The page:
- The rouble has undergone an unexpected rally in the last week
- Analysts have posited it is linked to the state's decision to start buying dollars
- In a break with historical patterns, the rouble has decoupled from oil prices
- Best explanation that Rosneft sold dollars to fund purchase of Bashneft
- Not the first time Rosneft has been linked to rouble movement
Analysts have been puzzling over the rouble's rally in recent weeks — one explanation
is that the Russian Central Bank has been coordinating with oil firm Rosneft, whose
majority shareholder is the Kremlin. Photo: Shutterstock
By Nadia Kazakova
After the Russian finance ministry announced its decision to start buying dollars on January 25, the consensus was that the impact on the rouble might be negligible. But, coupled with the government's unease over the rouble's strength, it was reasonable to suspect it could nudge the Russian currency lower against the dollar.
Instead, since February 7 (when the ministry bought its first daily $100 million on the forex exchange), the rouble has actually strengthened by 2.3% (as of February 16). It has also decoupled from the movement in the oil price (up 0.09% since February 7), and detached itself from the Russia-related shenanigans of the Donald Trump administration.
Relative performance of RUB:USD and 1-month Brent futures, re-based
Source: www.rbc.ru, www.quandl.com
The Russian analytical community went into overdrive to explain the phenomenon.
One school of thought was that official dollar purchases are having a strengthening rather than a weakening effect on the Russian currency. The argument goes as follows: the purchased US dollars increase forex reserves, thereby creating a larger safety net for the rouble.
As the Russian government does not spend forex reserves when oil prices are weak (it is financed by the central bank via the printing press), the reserves will continue to rise regardless of oil price levels. Hence, it is good for the rouble in the long run and that is being priced in.
That might be the case. However, the Russian central bank might not hesitate to use its forex reserves by lending them out directly to banks or indirectly to large companies when the oil price drops. So much for the safety net.
Another argument, simply stated, is that the rouble is relatively undervalued compared to oil price levels. That might be the case on a 12-month basis, but not, for example, on the 24-month view.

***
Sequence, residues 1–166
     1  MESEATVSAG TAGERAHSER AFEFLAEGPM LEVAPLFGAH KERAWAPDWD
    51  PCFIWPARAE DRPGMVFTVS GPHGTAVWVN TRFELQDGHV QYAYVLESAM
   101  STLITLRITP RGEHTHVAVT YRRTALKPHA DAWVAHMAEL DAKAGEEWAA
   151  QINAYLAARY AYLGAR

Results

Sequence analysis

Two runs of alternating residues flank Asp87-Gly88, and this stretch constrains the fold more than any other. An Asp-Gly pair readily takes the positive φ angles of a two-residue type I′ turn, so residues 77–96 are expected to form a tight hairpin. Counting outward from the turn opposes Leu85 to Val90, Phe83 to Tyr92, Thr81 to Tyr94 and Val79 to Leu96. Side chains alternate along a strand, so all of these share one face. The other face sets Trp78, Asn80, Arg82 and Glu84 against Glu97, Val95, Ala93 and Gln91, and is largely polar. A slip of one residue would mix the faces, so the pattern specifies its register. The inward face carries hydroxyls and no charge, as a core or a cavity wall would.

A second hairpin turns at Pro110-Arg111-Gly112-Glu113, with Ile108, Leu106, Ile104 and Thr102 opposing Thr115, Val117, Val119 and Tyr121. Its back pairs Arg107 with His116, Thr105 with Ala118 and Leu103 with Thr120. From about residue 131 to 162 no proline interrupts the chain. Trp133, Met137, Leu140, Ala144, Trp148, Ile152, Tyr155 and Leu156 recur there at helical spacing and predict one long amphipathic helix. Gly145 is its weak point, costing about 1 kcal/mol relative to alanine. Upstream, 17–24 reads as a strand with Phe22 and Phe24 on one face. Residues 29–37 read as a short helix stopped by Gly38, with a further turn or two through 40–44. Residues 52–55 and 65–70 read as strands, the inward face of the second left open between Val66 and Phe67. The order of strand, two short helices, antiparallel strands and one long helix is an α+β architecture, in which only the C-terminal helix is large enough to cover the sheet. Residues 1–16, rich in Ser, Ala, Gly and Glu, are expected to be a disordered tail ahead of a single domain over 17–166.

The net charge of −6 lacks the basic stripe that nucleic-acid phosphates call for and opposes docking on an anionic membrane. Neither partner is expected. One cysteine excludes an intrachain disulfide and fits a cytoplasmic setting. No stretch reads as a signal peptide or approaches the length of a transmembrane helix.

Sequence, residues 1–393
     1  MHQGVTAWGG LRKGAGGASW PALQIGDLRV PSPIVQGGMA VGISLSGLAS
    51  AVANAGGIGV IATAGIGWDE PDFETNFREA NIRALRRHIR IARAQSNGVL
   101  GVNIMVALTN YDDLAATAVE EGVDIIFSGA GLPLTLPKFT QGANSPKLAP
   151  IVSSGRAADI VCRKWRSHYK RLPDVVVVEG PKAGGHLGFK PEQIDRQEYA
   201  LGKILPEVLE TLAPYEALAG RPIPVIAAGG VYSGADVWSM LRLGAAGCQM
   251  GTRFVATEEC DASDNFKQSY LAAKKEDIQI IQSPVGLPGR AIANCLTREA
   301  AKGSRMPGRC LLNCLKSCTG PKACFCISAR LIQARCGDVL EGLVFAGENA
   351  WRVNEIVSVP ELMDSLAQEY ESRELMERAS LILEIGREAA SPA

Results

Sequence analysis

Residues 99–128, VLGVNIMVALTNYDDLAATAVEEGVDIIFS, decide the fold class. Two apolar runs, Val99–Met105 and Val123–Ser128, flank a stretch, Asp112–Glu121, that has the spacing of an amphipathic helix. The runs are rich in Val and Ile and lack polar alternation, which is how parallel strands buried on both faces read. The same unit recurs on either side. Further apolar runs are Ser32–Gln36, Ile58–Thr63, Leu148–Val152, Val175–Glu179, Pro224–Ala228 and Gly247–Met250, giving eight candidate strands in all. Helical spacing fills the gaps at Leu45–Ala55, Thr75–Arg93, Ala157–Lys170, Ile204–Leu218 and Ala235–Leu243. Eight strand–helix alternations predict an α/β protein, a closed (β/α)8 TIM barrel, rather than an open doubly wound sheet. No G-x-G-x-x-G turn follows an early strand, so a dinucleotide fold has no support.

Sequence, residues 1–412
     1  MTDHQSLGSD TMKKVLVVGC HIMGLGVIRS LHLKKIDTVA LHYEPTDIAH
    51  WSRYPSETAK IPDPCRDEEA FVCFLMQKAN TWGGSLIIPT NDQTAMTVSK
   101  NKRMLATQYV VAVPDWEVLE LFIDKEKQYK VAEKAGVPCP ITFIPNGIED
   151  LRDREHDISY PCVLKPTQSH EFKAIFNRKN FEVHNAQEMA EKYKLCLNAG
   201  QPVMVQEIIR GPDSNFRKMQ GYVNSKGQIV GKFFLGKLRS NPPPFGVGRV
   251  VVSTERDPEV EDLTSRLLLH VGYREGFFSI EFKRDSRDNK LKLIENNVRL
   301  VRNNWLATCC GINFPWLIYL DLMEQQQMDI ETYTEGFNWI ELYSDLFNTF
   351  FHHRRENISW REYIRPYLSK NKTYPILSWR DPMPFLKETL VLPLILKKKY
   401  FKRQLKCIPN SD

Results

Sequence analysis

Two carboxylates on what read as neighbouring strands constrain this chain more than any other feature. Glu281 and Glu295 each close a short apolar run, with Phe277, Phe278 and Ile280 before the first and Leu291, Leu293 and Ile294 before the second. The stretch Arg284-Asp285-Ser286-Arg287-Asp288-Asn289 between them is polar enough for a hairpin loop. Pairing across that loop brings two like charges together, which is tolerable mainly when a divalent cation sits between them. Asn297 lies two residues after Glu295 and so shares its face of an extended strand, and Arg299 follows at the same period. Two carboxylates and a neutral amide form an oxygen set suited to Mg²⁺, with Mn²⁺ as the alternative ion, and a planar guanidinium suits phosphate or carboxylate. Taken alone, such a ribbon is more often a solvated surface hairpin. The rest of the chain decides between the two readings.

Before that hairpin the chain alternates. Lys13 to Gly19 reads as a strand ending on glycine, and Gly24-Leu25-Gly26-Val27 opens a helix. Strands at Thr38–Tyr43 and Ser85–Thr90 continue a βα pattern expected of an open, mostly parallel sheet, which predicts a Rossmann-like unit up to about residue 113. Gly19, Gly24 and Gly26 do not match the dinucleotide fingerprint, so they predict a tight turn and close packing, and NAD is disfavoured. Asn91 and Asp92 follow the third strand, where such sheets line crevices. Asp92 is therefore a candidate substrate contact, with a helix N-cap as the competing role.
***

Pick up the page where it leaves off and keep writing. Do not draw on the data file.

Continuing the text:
Relative performance of RUB:USD and 1-month continuous Brent futures, x
Source: www.rbc.ru, www.quandl.com
The leveraged money managers continue to hold on to long positions in the rouble, but they have been cut back from recent peaks. The hedge funds might become even less enthusiastic after less of a pro-Russian tilt of the Trump administration.
Table. Leveraged money managers' position in the rouble, contracts
Source: www.cftc.gov, www.rbc.ru
The most plausible explanation for the unusual move in the rouble was flagged by Sberbank analysts
. They believe that Rosneft might have been selling US dollars to pay up to RUB64 billion ($1.1 billion) to buy out minorities of Bashneft by February 16. Rosneft's representatives denied that the company might have affected the rouble levels.
Theoretically, this is not a large amount of money for the Moscow forex exchange, which has a daily dollar turnover of around $5 billion. It seems, however, that Russian banks are reluctant to take short-term speculative positions on the forex market, which makes it extremely sensitive to any new or unusual forex flows.
In other words, it might be a struggle to sell (or buy) $1 billion on a whim within a week in Russia. It should ring a few alarm bells.
It is also worth noting that the central bank, which keeps a very watchful eye on the rouble, might have decided to step back and do nothing over the last week. It could have coordinated the sale of forex with Rosneft, keep the rouble steady and the markets calm and ignorant.
Instead, it seems, the bank let the rouble appreciate and let Rosneft lose some money (if the rouble resumes its depreciation henceforth).
It might not be the first and most likely not the last time that the markets could link peculiar movements in the Russian currency with Rosneft. Unfortunately, it is nigh on impossible to figure out when the Rosneft curse might strike again.
Russian president Vladimir Putin met with Rosneft CEO Igor Sechin in December to congratulate him on the purchase of Bashneft. Photo: kremlin.ru
– Edited by Jack Davies
Nadia Kazakova is a specialist on Russia, particularly the oil and gas sector